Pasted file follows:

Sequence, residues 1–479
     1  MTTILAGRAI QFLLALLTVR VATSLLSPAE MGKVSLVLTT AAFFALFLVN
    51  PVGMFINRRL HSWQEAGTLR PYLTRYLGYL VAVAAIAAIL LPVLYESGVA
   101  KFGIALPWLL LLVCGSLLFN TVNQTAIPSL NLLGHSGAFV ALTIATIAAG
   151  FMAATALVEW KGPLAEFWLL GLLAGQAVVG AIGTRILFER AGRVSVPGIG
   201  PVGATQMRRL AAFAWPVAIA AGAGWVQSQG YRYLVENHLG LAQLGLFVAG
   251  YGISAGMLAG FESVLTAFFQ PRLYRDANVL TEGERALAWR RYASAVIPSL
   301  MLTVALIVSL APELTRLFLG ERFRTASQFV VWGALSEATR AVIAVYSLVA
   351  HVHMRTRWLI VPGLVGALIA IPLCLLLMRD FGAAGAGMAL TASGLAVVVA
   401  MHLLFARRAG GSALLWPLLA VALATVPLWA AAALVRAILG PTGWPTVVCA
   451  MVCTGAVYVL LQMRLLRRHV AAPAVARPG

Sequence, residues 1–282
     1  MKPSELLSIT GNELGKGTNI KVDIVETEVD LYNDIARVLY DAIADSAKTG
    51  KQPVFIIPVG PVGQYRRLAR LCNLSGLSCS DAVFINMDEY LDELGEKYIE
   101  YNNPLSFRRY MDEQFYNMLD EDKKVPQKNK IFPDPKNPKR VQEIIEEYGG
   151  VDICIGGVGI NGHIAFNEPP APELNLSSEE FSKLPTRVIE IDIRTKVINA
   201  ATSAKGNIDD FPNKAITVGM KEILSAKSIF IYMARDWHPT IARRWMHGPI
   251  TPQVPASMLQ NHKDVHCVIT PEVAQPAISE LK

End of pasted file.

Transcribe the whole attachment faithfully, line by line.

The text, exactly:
Sequence, residues 1–479
     1  MTTILAGRAI QFLLALLTVR VATSLLSPAE MGKVSLVLTT AAFFALFLVN
    51  PVGMFINRRL HSWQEAGTLR PYLTRYLGYL VAVAAIAAIL LPVLYESGVA
   101  KFGIALPWLL LLVCGSLLFN TVNQTAIPSL NLLGHSGAFV ALTIATIAAG
   151  FMAATALVEW KGPLAEFWLL GLLAGQAVVG AIGTRILFER AGRVSVPGIG
   201  PVGATQMRRL AAFAWPVAIA AGAGWVQSQG YRYLVENHLG LAQLGLFVAG
   251  YGISAGMLAG FESVLTAFFQ PRLYRDANVL TEGERALAWR RYASAVIPSL
   301  MLTVALIVSL APELTRLFLG ERFRTASQFV VWGALSEATR AVIAVYSLVA
   351  HVHMRTRWLI VPGLVGALIA IPLCLLLMRD FGAAGAGMAL TASGLAVVVA
   401  MHLLFARRAG GSALLWPLLA VALATVPLWA AAALVRAILG PTGWPTVVCA
   451  MVCTGAVYVL LQMRLLRRHV AAPAVARPG

Sequence, residues 1–282
     1  MKPSELLSIT GNELGKGTNI KVDIVETEVD LYNDIARVLY DAIADSAKTG
    51  KQPVFIIPVG PVGQYRRLAR LCNLSGLSCS DAVFINMDEY LDELGEKYIE
   101  YNNPLSFRRY MDEQFYNMLD EDKKVPQKNK IFPDPKNPKR VQEIIEEYGG
   151  VDICIGGVGI NGHIAFNEPP APELNLSSEE FSKLPTRVIE IDIRTKVINA
   201  ATSAKGNIDD FPNKAITVGM KEILSAKSIF IYMARDWHPT IARRWMHGPI
   251  TPQVPASMLQ NHKDVHCVIT PEVAQPAISE LK